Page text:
Not too long ago, I came across several quotes by the Catholic British author, Caryll Houselander. I had never heard of her before that, even though my taste in literature runs very much in that direction. The quotes made a big impression on me, and one in particular stuck firmly with me: “Reverence must be paid even to those sinners whose souls seem to be dead, because it is Christ, who is the life of the soul, who is dead in them; they are His tombs, and Christ in the tomb is potentially the risen Christ.” I work in a public library, and, during any given day, will come in contact with a variety of difficult, or downright nasty people, and I have been noticing lately, that I find it difficult to be truly charitable to people. Oh, I am nice enough, of course, and I am polite and helpful. It is not really charity, though. I am simply doing my job. I generally have quite a contemptuous view of mankind in general. However that particular quote inspired me, and since then, I have been trying hard to see Christ (or at least, the potentially risen Christ) in the people whom I work with each day.

It was on the weight, primarily, of that one quote, that I decided to read some more by Caryll Houselander. I had looked her up upon reading those quotes, and was not quite sure what to think of her. She was almost always described as a 'mystic' and that particular word generally sends off warning signals for me, since these days, it is almost always used in context with new-agey spirituality. The little bits and pieces of her writing that I came across, however, seemed very orthodox, so I decided to try one of her books. I elected for one called, "This War is the Passion" which was written in London, during WWII.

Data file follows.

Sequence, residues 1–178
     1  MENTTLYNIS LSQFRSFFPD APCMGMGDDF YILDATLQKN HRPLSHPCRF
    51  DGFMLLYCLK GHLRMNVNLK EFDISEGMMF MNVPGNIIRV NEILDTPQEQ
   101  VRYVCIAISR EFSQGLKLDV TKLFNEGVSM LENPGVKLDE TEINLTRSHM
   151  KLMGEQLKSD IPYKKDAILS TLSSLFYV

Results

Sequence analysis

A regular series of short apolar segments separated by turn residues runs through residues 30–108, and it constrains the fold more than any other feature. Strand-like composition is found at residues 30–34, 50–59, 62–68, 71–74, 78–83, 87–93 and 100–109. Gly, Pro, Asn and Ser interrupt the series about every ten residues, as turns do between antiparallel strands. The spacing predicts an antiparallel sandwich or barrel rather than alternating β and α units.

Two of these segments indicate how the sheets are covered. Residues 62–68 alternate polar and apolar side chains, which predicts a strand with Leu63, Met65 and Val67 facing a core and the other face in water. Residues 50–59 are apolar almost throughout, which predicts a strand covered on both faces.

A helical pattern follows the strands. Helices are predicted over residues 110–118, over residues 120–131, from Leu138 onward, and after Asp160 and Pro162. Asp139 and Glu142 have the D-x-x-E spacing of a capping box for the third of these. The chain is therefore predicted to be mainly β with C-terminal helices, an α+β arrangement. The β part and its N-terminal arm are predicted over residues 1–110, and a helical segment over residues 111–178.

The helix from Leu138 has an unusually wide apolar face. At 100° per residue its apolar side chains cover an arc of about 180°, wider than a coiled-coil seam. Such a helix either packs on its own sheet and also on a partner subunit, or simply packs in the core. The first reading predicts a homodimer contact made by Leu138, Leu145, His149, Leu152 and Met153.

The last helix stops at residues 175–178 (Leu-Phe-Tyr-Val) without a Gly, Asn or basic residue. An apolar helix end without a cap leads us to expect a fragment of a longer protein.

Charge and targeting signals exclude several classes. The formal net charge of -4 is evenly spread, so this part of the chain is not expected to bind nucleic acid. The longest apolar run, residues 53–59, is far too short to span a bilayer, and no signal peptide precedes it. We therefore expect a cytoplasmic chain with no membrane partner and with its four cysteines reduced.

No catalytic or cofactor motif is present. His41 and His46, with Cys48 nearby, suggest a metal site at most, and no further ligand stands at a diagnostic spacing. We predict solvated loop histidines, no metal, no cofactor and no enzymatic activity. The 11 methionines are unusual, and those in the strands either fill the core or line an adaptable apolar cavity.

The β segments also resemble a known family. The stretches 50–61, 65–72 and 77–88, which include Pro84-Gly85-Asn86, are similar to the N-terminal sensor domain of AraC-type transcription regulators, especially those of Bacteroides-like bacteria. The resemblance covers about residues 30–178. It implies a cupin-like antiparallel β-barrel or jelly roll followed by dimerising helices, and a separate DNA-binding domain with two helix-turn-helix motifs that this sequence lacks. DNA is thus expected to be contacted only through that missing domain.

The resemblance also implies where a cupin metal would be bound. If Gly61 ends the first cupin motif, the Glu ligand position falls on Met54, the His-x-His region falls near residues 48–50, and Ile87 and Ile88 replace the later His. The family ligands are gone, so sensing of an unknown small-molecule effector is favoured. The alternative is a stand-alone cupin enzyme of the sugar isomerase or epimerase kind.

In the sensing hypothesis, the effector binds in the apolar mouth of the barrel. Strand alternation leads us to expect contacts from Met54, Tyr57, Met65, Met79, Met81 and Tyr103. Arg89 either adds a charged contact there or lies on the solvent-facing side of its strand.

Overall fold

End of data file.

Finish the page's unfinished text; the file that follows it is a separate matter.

I am glad I did, for it is a very good book indeed. Caryll uses the War as a sort of backdrop to the spiritual life, and though this occasionally makes the book feel a bit dated, in general, it works brilliantly as a way of casting Christian spirituality into the realm of daily life. She begins by pointing out that suffering is actually a blessing in disguise. Suffering (at least to some degree) is unavoidable, but to Christians, and particularly to Catholics, who are trying to live a truly spiritual life, suffering is not wasted. We are all bound together by the life of Christ within us, so that the sufferings of each one of us is of merit, not only to ourselves, but to the whole of the Church - and by extension, the World. She points out that all men are made in the image and likeness of God, and reminds us of Christ's words, that whatever we do to the least of our fellow men, we do to Him... and she does it in such a way that you realise, all at once that the ordinary, daily encounters with other people (which you will have to make anyway) are actually opportunities to put that teaching into practice. She has an uncanny ability to take a concept that we are all familiar with - that Christ was true Man as well as true God, for example - and by the freshness of her writing, suddenly make it suddenly seem something staggeringly new and fantastic. She does not sugar-coat anything. She is able to make us see the ineffable sweetness of God's love for us, and the value He places on our love for Him - all out of proportion to its worth. But she also makes it very clear that so great a love will mean great sacrifices - on both parts.

"This War is the Passion" is not a very long, and could be read in a single evening. It is very full of ideas, though, and is well worth taking the time to read slowly, and, indeed, to re-read. Caryll's writing is clear and deceptively simple. She goes naturally from point to point, building each chapter off the one proceeding. She has a knack for being able to use the perfect word, or phrase, or metaphor, but, like all good writers, knows to use this talent sparingly, and so, to good effect. It is a practical book, but full of poetry. It is inspirational, but not sweet, or sentimental, and for all the focus on suffering and sacrifice, it is ultimately a tremendously encouraging book. I recommend it highly.